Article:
kata bunkai speed fight




Karate Kata Bunkai Speed, Intensity and Realistic Practice
by Jason Armstrong



Often one sees clubs practice bunkai regularly and sometimes quite well in terms of technique. However, often the speed of a true combative situation is missing. Sports Karate provides a very good arena to develop timing and true combative speed (and learning to negotiate that first incoming strike thrown at a distance), but, how does one translate a similar speed and timing result to bunkai given its usually complex and brutal techniques - which are more difficult to control than simply “pulling a punch or kick”? 

An obvious but not often implemented approach is – practice and repetition! Many karate clubs will drill point fighting speed combinations and kumite for 20 minutes a night in a class repeating maybe just 20 combinations year-in and year-out (of course the corresponding speed and control develops). Rarely do clubs ensure they focus on a small subset of kata so that a trainable 20 self defense combinations are drilled in high frequency to achieve great speed and power. Remembering that bunkai tends to develop our close in fighting skills and point kumite is about the distance situation.

 

Bunkai Speed in Training - Taira Sensei of Jundokan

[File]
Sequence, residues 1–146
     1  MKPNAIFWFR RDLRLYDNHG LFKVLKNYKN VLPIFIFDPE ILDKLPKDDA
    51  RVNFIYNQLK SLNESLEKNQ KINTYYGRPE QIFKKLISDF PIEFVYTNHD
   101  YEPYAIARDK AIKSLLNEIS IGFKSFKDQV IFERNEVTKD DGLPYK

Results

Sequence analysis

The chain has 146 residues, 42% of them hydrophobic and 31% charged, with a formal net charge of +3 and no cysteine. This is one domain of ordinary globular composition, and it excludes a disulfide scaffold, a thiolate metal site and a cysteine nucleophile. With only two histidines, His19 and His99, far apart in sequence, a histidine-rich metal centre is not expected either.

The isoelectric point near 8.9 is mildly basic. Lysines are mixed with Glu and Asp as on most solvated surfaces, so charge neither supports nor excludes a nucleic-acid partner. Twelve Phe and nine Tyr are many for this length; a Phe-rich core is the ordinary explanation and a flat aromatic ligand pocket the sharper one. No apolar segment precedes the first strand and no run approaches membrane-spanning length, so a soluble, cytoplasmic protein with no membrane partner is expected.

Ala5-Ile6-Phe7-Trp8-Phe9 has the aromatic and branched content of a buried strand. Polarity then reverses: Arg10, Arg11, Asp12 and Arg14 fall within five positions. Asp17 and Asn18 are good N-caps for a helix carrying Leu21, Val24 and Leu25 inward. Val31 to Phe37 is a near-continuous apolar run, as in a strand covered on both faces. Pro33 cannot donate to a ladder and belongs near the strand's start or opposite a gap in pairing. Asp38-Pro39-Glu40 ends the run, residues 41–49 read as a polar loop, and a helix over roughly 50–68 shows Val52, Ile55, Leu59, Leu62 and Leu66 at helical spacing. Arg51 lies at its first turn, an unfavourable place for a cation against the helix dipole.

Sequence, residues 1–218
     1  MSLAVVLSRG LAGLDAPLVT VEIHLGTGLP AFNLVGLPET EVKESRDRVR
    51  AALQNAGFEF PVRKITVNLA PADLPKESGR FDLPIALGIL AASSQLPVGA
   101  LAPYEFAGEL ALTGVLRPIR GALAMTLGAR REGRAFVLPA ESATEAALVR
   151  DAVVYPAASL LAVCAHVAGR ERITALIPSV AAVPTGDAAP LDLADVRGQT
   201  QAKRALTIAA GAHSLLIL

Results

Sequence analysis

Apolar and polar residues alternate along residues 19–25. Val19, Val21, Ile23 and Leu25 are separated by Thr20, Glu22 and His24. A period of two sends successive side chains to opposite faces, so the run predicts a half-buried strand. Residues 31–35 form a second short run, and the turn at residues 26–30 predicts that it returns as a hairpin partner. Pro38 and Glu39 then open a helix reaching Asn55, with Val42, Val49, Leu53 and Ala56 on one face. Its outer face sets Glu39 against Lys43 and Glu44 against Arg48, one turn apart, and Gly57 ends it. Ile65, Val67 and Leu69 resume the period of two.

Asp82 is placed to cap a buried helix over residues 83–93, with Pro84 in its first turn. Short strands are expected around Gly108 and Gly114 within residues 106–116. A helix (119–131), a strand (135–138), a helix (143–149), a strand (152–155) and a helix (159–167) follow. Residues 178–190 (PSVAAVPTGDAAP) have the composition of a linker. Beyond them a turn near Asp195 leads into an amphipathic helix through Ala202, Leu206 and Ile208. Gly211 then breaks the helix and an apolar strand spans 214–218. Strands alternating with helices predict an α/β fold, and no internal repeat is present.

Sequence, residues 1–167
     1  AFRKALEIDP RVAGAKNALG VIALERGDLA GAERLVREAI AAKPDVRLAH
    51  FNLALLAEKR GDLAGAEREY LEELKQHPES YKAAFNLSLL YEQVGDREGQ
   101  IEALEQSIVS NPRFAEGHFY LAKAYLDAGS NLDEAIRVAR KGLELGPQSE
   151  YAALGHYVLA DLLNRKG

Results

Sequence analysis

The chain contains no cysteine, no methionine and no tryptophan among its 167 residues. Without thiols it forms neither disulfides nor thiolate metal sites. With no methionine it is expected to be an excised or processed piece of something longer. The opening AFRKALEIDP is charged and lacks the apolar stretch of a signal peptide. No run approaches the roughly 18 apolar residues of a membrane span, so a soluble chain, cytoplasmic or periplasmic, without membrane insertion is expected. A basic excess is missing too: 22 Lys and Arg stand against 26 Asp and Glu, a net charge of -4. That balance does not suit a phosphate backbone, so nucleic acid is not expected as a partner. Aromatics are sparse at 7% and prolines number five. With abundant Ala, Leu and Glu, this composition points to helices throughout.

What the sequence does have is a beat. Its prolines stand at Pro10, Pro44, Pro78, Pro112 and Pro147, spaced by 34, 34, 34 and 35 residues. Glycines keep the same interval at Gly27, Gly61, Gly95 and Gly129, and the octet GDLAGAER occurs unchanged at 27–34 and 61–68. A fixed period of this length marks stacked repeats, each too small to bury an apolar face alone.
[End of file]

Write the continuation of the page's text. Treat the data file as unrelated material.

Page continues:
Remember the old kata saying: 

“San nen no kata”  = 3 years one kata 

In the authors travels the most dramatic observation of bunkai performed in a street context with speed and power was seen by Masaji Taira Sensei of the Okinawan Jundokan (above video). He has been featured in a number of documentaries such as one by the National Geograhic channel in which you see the nature of his bunkai. 

One has to walk before they can run. One observation I have had in recently attempting to train with students to get to such levels of speed and control in bunkai is that it does not work if you begin with the entire sequence as a drill. The sequence needs to be broken down into single techniques which are drilled one at a time in high repetition and then re-assembled after control and speed has been acquired.

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